Recently, there's been a dust-up over a mega-church pastor in Charlotte and his new mansion. The reporting has been kinder than one might expect, which says a few things I won't go into here.
Being a mega-church pastor, aside from the spiritual implications, is not a bad gig. You can make a ton of money and you don't have to work very hard. Granted: there are spiritual implications, but from a completely secular, pragmatic point of view, its a nice way to earn a living.
But there's a problem that I haven't seen discussed yet. It is not simply that one can choose to be a mega-church pastor, and go open a mega-church. You see, almost all of these folks have built their church from the ground up. In other words, not just any Tom, Dick, or Steven can be a mega-church pastor. One needs to be gifted. (I didn't say talented. More on that shortly.)
So what's the problem? Aren't NFL athletes gifted, and that's why they make a bunch of money? Well, yes. But don't forget about all the hard work they have to do to take advantage of that gift and the additional hard work to stay at the top of their game. And I suppose you could argue that some of these mega-church pastors work hard too, as performers, as stand-up comedians, and so on. But let's get back to the gifted part. Where do you suppose that gift comes from?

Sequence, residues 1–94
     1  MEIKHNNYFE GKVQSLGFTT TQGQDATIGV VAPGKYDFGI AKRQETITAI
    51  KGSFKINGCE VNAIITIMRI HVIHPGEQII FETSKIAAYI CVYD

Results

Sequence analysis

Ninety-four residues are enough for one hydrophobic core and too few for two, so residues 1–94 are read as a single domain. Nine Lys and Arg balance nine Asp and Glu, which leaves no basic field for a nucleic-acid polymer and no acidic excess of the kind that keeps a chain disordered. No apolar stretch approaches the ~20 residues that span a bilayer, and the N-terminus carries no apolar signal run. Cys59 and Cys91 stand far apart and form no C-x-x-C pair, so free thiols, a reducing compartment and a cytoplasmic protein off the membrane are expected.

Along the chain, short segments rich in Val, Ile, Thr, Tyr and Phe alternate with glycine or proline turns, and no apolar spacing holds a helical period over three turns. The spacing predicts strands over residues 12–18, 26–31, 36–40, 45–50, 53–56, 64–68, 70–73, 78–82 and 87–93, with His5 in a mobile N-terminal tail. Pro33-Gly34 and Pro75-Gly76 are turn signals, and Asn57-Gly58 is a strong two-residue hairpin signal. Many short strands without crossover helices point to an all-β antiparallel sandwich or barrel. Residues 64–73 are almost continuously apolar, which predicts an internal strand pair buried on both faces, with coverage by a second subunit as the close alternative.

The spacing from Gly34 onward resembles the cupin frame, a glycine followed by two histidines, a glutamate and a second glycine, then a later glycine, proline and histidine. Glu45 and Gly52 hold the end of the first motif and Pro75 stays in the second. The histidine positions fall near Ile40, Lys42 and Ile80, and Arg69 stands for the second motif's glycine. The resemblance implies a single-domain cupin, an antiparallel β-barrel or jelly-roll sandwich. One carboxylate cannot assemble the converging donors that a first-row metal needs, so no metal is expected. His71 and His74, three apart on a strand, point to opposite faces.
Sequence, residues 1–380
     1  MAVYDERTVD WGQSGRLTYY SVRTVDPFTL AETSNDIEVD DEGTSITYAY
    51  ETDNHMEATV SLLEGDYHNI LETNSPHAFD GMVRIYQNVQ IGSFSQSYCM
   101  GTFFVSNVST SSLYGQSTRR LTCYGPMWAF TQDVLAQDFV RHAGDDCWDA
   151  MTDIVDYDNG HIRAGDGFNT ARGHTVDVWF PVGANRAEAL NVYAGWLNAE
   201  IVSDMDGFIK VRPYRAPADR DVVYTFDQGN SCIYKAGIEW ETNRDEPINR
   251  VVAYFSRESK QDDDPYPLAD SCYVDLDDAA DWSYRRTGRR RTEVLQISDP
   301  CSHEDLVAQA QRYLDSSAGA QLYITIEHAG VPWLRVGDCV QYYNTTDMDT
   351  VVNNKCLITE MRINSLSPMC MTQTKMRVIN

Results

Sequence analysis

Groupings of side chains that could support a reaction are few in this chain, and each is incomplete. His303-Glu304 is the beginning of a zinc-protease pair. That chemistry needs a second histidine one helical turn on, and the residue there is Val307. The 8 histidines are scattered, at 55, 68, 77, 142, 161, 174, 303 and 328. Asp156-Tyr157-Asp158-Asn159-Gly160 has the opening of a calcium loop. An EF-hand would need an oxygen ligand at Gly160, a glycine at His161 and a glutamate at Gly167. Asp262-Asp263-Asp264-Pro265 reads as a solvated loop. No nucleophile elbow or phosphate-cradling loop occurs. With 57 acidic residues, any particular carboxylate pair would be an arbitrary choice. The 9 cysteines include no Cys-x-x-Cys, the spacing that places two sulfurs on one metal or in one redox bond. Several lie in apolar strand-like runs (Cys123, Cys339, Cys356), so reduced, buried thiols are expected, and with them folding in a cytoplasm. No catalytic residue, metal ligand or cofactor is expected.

Do you think there are any additional spiritual implications for those who are gifted at that level and choose to take advantage of the gift in a secular (that is, financial) way? Joyce Meyer is a gifted speaker. Creflo Dollar is a charismatic personality (no pun intended...really). Kenneth Hagin was a convincing preacher. All these have used their gifts for personal financial gain well beyond just about anyone's definition of 'paying the worker their wages'. There's even a new TV series about a certain group of these folks. (Disclaimer: I haven't watched an episode, and likely won't.)
Kinda makes me nervous. Shouldn't it?